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They Might Be Giants

Started: 2007-10-18 19:50:38

Submitted: 2007-10-18 21:04:38

Visibility: World-readable

For reasons that the universe is still trying to figure out, I attended three concerts in the span of just over a week during the end of September. Several days after Arcade Fire at Red Rocks on 17 September, I attended They Might Be Giants' concert at the Boulder Theater on Thursday, 20 September. I enjoyed their new album, The Else, and their highly-regarded 1990 album Flood. I camped out in front of the sound booth, noticed an iPod in a dock connected to a high-end audio cable, and waited for the show.

Oppenheimer opened, which turned out to be an interesting two-piece band with lots of pre-recorded instrumentation.

When They Might Be Giants took the stage, John Flansburgh observed the wall separating the drinking section from the non-drinking section and said, "At They Might Be Giants, we have a saying: 'Ten foot wall, eleven foot ladder'."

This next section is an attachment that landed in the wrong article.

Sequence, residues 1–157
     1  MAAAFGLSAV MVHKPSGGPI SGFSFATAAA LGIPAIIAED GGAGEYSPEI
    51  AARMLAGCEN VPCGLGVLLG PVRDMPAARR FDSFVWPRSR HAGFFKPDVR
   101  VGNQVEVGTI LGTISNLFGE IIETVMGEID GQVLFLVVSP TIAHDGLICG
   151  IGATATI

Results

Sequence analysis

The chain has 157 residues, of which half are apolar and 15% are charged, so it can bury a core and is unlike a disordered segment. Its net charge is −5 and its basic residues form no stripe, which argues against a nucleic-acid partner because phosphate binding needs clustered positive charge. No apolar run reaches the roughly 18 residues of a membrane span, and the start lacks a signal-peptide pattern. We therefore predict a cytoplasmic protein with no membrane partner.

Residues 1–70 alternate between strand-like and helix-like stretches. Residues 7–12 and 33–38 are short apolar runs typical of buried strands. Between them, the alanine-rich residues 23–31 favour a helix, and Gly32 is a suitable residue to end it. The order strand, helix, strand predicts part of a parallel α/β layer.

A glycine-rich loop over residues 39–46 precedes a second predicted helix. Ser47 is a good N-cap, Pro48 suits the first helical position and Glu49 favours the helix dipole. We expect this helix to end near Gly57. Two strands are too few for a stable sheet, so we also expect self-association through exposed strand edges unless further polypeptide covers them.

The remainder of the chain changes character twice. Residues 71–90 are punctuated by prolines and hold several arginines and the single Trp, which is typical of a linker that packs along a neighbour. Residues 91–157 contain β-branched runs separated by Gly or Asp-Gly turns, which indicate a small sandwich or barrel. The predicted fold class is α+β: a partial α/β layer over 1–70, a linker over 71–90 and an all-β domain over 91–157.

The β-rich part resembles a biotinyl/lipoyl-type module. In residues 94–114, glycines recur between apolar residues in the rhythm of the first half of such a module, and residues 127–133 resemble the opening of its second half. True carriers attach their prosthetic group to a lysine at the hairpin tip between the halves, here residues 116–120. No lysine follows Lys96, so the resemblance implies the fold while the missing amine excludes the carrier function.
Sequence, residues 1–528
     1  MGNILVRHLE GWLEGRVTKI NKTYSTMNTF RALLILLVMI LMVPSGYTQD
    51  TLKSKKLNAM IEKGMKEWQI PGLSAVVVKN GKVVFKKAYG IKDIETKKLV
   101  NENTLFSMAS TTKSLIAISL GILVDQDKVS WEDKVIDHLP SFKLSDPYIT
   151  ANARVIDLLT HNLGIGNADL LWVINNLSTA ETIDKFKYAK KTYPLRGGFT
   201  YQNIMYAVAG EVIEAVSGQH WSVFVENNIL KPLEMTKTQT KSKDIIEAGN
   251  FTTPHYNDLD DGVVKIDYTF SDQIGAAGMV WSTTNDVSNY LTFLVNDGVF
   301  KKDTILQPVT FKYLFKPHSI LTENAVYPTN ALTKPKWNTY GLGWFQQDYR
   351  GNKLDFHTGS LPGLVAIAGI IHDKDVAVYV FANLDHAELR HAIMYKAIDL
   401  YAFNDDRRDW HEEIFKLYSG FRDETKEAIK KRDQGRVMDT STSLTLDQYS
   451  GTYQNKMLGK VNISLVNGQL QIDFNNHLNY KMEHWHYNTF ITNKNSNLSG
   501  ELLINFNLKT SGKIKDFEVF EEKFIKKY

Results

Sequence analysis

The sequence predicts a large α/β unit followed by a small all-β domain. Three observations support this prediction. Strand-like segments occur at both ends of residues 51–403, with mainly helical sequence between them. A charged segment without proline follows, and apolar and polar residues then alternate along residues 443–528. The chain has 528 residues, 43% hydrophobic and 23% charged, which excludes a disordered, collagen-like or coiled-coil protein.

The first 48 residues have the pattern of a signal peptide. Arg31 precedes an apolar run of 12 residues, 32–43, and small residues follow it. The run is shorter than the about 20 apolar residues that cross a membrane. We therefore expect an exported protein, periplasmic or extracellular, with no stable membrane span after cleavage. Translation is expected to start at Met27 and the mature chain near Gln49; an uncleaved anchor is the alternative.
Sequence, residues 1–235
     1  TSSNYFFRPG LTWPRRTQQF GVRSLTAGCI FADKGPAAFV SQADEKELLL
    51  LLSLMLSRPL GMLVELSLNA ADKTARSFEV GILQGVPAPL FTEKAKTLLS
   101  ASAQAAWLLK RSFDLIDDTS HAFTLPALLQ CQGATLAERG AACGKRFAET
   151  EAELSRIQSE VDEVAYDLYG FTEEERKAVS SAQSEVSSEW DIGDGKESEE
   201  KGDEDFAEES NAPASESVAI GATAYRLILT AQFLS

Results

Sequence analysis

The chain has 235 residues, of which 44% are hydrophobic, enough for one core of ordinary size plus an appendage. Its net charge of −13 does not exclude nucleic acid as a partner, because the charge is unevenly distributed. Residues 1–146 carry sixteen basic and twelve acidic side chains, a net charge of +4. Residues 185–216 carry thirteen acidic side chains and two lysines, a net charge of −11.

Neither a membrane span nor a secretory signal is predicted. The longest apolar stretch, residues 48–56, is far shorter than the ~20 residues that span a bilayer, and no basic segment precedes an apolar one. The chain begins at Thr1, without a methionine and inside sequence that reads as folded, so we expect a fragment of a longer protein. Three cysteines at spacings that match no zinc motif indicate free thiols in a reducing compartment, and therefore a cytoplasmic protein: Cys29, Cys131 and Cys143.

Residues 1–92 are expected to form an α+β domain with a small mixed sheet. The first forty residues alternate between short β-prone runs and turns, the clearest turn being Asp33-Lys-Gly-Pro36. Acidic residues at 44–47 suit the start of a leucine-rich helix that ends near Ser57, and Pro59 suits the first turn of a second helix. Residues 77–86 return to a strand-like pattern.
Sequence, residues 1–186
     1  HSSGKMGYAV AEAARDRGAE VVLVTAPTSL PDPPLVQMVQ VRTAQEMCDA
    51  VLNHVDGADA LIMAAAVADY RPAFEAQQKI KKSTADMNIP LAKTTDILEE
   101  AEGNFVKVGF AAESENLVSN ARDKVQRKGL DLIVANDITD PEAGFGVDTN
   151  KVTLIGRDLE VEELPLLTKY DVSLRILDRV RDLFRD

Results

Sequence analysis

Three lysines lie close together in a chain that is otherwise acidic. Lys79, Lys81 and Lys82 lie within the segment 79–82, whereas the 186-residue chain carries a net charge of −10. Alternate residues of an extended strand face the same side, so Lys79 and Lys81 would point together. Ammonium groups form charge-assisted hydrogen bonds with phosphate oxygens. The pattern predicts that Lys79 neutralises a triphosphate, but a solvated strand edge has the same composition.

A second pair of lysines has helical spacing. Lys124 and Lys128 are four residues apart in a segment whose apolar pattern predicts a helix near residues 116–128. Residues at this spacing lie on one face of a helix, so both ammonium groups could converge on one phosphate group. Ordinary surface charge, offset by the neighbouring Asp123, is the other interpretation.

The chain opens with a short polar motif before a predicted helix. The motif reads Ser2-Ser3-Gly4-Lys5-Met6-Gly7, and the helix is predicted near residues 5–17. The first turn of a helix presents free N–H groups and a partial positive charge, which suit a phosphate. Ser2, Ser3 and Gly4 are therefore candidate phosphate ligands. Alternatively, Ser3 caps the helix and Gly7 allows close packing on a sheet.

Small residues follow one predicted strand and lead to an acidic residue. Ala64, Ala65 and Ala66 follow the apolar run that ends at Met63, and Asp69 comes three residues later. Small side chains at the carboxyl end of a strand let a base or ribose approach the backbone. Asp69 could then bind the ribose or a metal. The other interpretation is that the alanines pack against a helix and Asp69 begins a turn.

The concert was entertaining, although I recognized roughly half of the songs.

(After work, before the concert, I drove up Flagstaff to the top of Long Canyon, a one-mile trail branching from Green Mountain Lodge. I've climbed Green Mountain, past the trail junction, dozens of times but never ventured up Long Canyon. I hiked down Long Canyon to Green Mountain Lodge, then headed up Green Mountain and descended via the west ridge. My plan was to GPS map the trail but my batteries died; I recently got around to acquiring a new set of rechargeable AA batteries, which means I need to spend a few cycles to make sure my batteries are charged.)

Having rejected DOS, we're paranoid about anything that isn't
"user-friendly," that requires some adjustment on our part and a
commitment to meet the technology halfway. It's as if Henry Ford rigged
a bridle and set of leather reins to his Model T instead of a steering
wheel and clutch, and to this day we were still driving our cars the way
a 19th century groomsman would handle a horse and buggy.
- Jonathon Keats, "'You Send Me' by Patricia T. O'Conner & Stewart
Kellerman", Salon.com